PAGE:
It seems to work very easily with two people — one person holds and distracts the cat and the other does the snipping. If you are the person who is holding the cat, you want to be sure that he’s not able to wiggle away; pulling a paw away at the wrong time could mean that the nail gets caught in the scissors. One trick mentioned was gently rocking the cat’s head. This seems to distract them reasonably well.
If you are the person who is doing the cutting, you need a combination of dexterity, a firm grim, and a good aim. Basically, you take each toe and squeeze it gently to make the claw come out. Then you maneuver the scissors into place and snip. You don’t want to cut the quick — this will make the toenail start to bleed. (That’s a situation I’m familiar with from trimming dog toenails.)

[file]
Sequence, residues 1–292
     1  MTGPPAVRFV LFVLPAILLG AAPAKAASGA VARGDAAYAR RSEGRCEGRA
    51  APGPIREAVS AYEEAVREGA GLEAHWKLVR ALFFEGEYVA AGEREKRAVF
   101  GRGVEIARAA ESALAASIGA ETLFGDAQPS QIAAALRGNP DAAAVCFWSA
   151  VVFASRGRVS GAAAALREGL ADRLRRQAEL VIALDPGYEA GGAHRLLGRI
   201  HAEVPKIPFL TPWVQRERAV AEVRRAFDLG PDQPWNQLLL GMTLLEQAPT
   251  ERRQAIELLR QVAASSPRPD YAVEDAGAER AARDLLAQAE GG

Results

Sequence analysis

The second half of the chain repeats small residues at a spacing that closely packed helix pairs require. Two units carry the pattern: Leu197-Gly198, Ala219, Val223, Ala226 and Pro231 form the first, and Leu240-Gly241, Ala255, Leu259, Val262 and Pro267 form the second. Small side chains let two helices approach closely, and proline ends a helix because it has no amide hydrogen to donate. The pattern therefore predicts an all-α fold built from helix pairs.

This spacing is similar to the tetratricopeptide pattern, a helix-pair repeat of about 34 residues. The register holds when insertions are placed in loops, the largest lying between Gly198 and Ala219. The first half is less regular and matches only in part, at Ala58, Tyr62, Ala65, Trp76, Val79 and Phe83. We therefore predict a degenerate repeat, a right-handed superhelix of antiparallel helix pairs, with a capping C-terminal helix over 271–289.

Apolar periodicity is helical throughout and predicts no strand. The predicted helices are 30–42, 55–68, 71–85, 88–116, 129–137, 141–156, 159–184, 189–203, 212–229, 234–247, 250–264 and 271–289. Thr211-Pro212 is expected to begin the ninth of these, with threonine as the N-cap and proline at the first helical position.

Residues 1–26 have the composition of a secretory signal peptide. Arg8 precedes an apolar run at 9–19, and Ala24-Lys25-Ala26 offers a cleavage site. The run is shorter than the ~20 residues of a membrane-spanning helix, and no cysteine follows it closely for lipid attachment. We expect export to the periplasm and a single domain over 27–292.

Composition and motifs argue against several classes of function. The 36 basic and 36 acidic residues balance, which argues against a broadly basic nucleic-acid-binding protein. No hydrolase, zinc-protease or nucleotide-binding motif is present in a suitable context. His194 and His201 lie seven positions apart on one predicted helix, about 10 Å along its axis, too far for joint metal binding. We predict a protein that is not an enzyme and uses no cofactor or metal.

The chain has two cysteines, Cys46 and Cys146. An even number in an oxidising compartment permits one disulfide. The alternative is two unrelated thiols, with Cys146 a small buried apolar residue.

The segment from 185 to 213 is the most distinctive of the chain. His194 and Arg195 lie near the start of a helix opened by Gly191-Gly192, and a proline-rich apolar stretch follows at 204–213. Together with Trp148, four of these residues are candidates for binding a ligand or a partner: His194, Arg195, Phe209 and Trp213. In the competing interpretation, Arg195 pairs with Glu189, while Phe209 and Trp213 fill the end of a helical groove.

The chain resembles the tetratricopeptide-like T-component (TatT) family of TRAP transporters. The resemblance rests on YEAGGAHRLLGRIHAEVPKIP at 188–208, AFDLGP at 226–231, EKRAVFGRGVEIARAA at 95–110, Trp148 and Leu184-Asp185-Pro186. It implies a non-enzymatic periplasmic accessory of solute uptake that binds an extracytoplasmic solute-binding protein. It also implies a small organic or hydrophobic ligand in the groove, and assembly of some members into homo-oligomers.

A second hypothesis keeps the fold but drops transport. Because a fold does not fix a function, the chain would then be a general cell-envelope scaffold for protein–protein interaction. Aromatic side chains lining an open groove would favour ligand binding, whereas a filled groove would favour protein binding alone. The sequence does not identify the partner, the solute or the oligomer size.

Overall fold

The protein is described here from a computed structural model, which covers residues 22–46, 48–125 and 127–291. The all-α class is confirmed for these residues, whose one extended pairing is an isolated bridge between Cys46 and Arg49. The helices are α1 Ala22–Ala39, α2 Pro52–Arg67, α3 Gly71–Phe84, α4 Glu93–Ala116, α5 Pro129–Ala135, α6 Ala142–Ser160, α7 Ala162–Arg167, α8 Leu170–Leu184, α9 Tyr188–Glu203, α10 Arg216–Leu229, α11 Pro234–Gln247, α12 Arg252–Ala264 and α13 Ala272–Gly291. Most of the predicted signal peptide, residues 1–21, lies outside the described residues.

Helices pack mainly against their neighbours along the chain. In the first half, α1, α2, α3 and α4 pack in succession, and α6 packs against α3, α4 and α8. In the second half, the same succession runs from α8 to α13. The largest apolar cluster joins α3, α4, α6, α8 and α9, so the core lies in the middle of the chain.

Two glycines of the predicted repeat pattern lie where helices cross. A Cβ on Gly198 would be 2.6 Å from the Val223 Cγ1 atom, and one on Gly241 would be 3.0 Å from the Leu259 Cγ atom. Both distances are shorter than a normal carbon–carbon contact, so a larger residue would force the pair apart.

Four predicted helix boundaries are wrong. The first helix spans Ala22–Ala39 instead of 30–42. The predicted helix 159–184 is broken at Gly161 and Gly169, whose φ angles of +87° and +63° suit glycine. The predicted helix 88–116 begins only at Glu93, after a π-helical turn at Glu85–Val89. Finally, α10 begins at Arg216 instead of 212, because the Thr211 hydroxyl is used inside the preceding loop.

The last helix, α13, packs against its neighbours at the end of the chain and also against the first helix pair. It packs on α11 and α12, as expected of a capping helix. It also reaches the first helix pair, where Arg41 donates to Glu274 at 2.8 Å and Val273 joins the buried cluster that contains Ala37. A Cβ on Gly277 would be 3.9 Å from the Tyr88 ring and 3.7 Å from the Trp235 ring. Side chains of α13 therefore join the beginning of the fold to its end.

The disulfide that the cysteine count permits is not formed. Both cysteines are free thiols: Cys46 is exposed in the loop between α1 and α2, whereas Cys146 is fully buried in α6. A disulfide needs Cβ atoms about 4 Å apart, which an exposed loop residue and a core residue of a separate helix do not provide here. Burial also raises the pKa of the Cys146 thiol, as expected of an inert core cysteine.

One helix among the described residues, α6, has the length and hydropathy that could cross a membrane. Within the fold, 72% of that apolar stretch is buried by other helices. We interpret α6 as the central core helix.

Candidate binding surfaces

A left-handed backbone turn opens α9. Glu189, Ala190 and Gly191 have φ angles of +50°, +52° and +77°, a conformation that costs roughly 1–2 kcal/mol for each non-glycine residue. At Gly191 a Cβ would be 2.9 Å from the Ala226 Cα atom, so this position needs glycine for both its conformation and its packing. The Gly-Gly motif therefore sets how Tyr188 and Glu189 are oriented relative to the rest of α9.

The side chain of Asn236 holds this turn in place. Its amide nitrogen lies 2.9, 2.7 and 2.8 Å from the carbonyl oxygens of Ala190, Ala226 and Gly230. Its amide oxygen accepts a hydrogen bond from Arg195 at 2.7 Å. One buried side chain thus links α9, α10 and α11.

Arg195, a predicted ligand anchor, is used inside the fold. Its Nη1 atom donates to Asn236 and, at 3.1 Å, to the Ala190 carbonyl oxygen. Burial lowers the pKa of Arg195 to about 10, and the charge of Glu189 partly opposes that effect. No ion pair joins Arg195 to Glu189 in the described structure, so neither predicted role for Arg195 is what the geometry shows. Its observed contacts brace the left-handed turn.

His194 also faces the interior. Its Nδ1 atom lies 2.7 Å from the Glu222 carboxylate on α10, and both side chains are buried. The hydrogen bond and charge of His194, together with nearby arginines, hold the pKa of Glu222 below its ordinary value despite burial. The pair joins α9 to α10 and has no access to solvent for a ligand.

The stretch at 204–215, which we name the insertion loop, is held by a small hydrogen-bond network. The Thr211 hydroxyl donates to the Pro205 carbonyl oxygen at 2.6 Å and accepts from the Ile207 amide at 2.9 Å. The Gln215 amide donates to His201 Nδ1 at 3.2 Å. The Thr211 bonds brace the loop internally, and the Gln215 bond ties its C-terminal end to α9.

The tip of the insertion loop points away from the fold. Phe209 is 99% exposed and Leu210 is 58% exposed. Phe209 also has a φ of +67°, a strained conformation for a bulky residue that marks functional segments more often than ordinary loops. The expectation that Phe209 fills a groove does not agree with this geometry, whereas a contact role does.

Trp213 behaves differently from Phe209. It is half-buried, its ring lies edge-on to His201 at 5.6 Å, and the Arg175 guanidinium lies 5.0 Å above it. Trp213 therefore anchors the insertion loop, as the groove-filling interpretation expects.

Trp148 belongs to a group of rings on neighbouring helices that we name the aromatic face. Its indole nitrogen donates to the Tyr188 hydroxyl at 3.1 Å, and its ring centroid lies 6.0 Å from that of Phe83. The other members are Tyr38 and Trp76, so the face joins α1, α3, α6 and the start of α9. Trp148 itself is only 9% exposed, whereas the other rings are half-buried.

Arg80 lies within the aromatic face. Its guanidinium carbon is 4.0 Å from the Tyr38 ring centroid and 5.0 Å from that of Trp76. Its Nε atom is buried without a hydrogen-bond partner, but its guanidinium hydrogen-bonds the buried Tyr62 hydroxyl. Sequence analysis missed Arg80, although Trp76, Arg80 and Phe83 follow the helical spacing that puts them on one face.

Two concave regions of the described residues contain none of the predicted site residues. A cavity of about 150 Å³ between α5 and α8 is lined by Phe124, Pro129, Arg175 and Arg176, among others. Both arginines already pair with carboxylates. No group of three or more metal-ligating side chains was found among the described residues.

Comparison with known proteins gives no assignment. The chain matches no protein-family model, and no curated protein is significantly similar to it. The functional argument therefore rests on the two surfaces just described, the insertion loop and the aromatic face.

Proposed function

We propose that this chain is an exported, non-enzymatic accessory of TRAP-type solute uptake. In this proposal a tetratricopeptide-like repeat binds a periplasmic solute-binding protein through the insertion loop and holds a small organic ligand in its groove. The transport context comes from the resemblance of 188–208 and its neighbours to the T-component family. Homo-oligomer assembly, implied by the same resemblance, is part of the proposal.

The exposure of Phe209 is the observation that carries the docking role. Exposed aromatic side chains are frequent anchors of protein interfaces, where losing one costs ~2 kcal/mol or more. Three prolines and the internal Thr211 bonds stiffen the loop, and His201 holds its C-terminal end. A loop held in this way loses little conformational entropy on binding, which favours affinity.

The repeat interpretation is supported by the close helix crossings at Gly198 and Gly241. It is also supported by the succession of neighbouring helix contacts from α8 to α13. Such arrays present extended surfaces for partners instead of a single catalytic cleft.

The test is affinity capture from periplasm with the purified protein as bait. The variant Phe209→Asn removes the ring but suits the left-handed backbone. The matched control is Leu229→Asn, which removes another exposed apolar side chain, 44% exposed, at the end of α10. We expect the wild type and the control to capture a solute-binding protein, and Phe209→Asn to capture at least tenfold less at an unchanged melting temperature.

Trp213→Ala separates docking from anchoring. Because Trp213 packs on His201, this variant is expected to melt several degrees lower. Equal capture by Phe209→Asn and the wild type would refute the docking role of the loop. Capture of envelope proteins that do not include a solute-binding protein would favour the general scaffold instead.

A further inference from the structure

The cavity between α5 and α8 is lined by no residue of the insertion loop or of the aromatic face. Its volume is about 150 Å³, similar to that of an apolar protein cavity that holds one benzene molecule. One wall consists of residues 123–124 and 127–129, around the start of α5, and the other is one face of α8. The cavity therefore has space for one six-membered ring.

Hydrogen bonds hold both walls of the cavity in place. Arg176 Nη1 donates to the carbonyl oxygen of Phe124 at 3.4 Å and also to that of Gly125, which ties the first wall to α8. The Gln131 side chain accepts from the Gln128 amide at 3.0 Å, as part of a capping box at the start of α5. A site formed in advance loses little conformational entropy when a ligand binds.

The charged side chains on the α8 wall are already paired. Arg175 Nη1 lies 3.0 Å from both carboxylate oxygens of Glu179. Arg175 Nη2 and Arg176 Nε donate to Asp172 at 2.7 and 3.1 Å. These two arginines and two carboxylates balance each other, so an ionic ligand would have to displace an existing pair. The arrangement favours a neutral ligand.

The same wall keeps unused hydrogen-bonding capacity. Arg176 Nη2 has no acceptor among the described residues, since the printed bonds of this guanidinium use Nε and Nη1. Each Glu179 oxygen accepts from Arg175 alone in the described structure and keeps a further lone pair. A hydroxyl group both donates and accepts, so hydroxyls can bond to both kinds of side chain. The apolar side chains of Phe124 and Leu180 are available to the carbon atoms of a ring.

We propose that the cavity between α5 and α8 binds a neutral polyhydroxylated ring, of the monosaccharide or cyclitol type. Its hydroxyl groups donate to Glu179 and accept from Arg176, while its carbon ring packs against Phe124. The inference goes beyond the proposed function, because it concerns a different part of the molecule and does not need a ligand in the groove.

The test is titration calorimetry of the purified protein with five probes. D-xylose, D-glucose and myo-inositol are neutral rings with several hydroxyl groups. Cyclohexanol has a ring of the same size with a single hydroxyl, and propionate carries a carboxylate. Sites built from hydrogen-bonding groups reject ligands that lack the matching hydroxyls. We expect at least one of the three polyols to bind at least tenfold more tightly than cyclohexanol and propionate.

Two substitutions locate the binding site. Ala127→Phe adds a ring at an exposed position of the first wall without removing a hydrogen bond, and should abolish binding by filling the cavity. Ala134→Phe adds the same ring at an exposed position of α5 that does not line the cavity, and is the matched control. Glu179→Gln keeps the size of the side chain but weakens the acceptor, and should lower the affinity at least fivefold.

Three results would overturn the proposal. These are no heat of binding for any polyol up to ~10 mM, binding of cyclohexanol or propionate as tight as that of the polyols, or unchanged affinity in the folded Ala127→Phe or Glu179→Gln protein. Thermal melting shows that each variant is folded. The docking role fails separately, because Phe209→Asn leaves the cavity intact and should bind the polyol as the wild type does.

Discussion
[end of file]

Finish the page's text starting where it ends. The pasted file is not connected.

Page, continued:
Don’t forget to trim the dewclaw, either — that’s the little claw that is on the leg just above the foot. That one is a little trickier to get at, but it grows just as quickly and gets just as sharp as the other claws do.
After my disaster with cat bathing the other day, I wanted to be sure I had some help on hand for toenail trimming. We had two cats scheduled for a trim, so I took a turn holding one and trimming the other. I also attempted to do a solo pedicure! My plan was to tuck the cat underneath my arm to hold him, grab the paw with that same hand, and hold the scissors in the other hand.
Let’s just say that it worked a lot better in my imagination than it did in real life and leave it at that.